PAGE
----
Is Sheryl Sandberg Really That Insecure?
I suspect I am just as weary of the buzz over Sheryl Sandberg as everyone else with a TV in their kitchen, Internet access at work, or a radio in their car.
During the past two weeks alone, Sandberg has been interviewed by 60 Minutes, The Diane Rehm Show, The Washington Post, National Public Radio and other media outlets too numerous to cite, reaching well over 50 million people. She has been the subject of at least 43 million blogs, articles, Instagram posts and Twitter comments.
So I’ll make this quick: one observation everyone else seems to have overlooked.
Sheryl Sandberg, the uber-successful, 2-Harvard-degree, joyfully married, mother of two, millions-of-dollars- in-the-bank COO of Facebook, the same woman who claims other women need to “lean in” and try harder at work, is the most insecure woman on the planet.
Here’s what she says about herself:
- She was “embarrassed” to be voted most likely to succeed at North Miami Beach Senior High
- She’s "intimidated" by stay-at-home moms
- She is ashamed and “afraid” to admit publicly that she leaves her office at 5.30 pm to be with her kids
- Her success is due to her boss, 28-year-old Mark Zuckerberg, a man 15 years her junior, with no kids and zero experience balancing work and family
- Her negotiating skills are due to her husband’s coaching
- She thought it was “silly” and “absurd” when Forbes Magazine ranked her as the 5th most powerful woman in the world in 2011
Yuck, Sheryl! What gives? Are you really that wimpy?
Or does our corporate culture demand that successful female executives pretend to be insecure and self-abnegating, and to credit their success to the powerful men in their lives? Are we seeing the professional equivalent of the prom queen who says “I’m so fat and my nose is too big” to diffuse others’ jealousies? Is there no room in our world for an openly competitive, powerful, strong and successful woman (besides Hillary)?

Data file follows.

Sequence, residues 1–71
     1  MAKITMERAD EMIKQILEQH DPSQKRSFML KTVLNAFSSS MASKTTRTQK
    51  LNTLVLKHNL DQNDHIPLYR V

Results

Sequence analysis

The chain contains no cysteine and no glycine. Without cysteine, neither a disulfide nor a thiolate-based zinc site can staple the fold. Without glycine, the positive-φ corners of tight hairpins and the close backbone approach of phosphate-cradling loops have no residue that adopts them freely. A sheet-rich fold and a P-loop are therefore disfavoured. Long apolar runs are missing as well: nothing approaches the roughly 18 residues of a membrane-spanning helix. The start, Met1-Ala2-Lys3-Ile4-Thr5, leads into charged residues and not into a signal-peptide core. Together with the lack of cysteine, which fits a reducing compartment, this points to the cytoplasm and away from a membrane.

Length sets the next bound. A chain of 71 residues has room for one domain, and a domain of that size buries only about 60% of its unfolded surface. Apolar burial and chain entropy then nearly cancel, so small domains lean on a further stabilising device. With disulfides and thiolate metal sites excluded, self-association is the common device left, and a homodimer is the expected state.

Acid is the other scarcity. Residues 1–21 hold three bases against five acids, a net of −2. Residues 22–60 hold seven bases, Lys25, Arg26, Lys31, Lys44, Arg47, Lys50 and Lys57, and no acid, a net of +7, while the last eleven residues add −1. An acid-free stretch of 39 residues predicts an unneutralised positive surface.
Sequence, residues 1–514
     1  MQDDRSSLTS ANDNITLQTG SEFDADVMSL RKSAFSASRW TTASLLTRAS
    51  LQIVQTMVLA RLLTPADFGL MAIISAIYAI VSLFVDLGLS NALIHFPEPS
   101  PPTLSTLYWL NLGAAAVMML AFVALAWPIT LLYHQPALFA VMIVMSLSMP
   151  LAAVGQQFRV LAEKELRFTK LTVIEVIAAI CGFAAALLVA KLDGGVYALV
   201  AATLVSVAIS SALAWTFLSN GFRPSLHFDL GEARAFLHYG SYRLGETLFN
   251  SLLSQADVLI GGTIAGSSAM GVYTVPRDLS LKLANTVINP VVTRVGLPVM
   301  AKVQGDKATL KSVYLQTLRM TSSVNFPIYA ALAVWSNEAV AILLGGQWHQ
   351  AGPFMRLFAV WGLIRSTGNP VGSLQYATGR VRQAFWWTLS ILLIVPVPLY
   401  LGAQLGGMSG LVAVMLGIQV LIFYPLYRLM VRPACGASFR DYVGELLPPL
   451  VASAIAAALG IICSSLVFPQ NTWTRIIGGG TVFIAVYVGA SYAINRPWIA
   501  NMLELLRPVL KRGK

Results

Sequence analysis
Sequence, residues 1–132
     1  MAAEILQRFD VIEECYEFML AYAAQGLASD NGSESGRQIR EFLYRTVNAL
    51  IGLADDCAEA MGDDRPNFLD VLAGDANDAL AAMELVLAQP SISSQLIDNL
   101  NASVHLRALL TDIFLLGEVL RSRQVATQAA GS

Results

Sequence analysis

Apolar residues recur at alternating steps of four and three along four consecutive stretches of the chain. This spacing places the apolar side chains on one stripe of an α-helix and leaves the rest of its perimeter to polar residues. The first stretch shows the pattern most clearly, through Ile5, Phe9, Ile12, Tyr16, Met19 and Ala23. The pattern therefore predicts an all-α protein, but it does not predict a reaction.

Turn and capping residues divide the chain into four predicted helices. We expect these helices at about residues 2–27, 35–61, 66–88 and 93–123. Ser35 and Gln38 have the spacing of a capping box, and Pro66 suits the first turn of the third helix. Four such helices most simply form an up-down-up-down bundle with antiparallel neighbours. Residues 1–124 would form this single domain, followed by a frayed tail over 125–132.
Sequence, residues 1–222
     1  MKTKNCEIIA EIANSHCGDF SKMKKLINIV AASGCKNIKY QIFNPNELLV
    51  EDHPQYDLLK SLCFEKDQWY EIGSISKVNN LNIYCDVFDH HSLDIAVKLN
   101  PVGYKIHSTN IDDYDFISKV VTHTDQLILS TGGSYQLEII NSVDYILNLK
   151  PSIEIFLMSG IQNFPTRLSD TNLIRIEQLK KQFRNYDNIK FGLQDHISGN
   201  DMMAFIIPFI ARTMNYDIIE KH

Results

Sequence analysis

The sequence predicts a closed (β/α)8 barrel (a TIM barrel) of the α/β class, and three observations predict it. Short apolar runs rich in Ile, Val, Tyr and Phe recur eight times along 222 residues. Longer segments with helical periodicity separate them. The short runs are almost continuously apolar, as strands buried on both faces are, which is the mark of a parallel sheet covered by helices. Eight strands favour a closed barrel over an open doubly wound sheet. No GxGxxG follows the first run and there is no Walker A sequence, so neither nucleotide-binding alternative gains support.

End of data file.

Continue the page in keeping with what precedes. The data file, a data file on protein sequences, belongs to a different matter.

Say it ain’t so, Sheryl!
Successful women are supposed to shout it from the rooftops! You’re smart, well-adjusted, emotionally secure, happily married, attractive. You’ve got it all! Women like you are supposed to roar, not purr.
As much as I admire Sandberg and her success, and agree with much of her Lean In advice, the idea that this self-deprecating apologist is a role model for our daughters makes me feel like I swallowed a swivel chair. The disconnect between the powerful message and its submissive delivery confuses and disheartens me. It goes against every feminist mantra I grew up hearing.
Maybe that’s the real message she has for the rest of us.